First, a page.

But the highlight was our visit to the Equator. Here the invisible line dividing the northern and southern hemispheres creates for some fun science experiments. Now, upon coming home and writing this blog, I decided to do some research so that I could explain what we saw on the equator: water flushed through a sink – either going straight down (on the equator), swirling down the drain clockwise or counter clockwise depending on which side of the line we were on… We were most impressed with what we saw. However… in checking Google, I read nothing but articles posted on science websites, in the Huffington Post and so on, that explain that all this is a hoax! I was baffled. I replayed the video I took. Then I went to the sink and poured water in the same manner. Indeed – I can make it go down clockwise or counterclockwise. It seems that the thing we enjoyed most in Quito was a simple hoax. I guess the young man who showed us around care nothing about the truth and fooling people. All that mattered was the income derived of unsuspecting tourists…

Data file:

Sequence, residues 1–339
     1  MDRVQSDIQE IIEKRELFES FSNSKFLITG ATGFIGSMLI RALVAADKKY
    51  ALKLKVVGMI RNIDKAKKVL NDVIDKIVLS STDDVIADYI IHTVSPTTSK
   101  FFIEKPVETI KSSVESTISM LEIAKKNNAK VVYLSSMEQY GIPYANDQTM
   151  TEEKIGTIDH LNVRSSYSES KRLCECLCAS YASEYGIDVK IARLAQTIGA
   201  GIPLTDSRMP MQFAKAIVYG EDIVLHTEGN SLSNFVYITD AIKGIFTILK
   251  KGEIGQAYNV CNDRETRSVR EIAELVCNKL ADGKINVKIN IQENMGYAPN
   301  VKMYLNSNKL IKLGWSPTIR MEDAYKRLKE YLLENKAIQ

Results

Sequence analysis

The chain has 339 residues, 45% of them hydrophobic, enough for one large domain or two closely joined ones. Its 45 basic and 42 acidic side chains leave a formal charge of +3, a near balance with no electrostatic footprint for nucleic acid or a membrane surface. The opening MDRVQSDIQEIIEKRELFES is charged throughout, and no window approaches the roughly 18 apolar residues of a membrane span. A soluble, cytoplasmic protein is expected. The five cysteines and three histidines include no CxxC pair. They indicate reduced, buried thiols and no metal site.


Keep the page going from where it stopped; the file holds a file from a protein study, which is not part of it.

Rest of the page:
img_4541We tried our hands at balancing an egg on the Equator. Because it is pulled one way and the other, it took a lot of patience but Kees earned a certificate for a skill he never knew he had! Another equatorial hoax…

The museum here displayed some local native history: an enormous boa constrictor (stuffed!) and several shrunken heads. To our amazement we learned not only how to make a shrunken head but also that this practiced happened as late as the 1990’s. Tourism likely improved once they stopped this practice.

We ate at a restaurant that specialized in Ecuador cuisine: empanadas with shrimp, cheese and avocado.  And a fabulous soup eating together with a thick paste of peanuts and bananas.

We asked many questions about the education system (mostly free), about politics (elections this weekend and lots of unhappiness about corruption and broken promises), about religion (many young people turning away from the church and traditions) and also about why Ecuador is not called Equador is it is named after the important line running through the country. The answer: it is the Spanish spelling. Ta-da!

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Rocking Gibraltar

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Salt Spring Island, where we live, is a small rocky island in the Pacific Ocean. It measures 74 square miles and has a population of 10,000.

Today we spent the entire day on the rock of Gibraltar, a small rocky outcrop in the Atlantic Ocean. It measures 2.5 square miles and has a population of 30,000.